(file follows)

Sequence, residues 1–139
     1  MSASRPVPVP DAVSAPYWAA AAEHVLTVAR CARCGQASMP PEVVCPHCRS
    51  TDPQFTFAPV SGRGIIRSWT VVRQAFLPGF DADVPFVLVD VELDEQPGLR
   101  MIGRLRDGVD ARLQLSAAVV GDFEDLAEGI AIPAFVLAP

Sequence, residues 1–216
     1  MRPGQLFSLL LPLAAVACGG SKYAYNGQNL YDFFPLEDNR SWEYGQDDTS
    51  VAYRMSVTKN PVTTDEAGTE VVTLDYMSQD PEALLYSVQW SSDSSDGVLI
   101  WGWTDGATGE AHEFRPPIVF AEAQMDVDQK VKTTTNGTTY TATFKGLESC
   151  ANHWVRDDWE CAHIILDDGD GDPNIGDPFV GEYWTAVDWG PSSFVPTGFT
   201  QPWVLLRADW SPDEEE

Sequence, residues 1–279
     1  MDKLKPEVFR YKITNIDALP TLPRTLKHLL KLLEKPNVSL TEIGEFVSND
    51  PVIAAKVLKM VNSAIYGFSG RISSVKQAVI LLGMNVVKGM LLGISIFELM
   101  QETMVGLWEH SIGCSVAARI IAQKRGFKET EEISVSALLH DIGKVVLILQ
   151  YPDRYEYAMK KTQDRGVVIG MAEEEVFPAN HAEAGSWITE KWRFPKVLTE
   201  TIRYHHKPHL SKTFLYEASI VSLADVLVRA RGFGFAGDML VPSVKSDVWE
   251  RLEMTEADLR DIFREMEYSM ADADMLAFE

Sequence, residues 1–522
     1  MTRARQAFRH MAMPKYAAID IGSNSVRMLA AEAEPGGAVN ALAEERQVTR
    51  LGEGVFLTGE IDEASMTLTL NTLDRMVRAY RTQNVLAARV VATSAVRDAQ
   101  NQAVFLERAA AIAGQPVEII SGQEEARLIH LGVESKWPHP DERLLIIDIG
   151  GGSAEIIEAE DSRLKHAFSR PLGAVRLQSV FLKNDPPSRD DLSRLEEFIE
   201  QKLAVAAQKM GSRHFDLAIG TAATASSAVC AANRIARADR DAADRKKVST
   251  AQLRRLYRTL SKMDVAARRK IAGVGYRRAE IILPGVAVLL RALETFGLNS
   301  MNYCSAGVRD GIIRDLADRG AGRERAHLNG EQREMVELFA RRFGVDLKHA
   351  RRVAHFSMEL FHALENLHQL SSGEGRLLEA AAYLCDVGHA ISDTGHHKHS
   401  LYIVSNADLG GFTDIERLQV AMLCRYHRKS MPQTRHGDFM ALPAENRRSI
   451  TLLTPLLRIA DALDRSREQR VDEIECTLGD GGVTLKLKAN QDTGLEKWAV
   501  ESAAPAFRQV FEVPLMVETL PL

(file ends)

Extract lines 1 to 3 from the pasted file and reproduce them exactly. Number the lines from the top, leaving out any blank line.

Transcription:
Sequence, residues 1–139
     1  MSASRPVPVP DAVSAPYWAA AAEHVLTVAR CARCGQASMP PEVVCPHCRS
    51  TDPQFTFAPV SGRGIIRSWT VVRQAFLPGF DADVPFVLVD VELDEQPGLR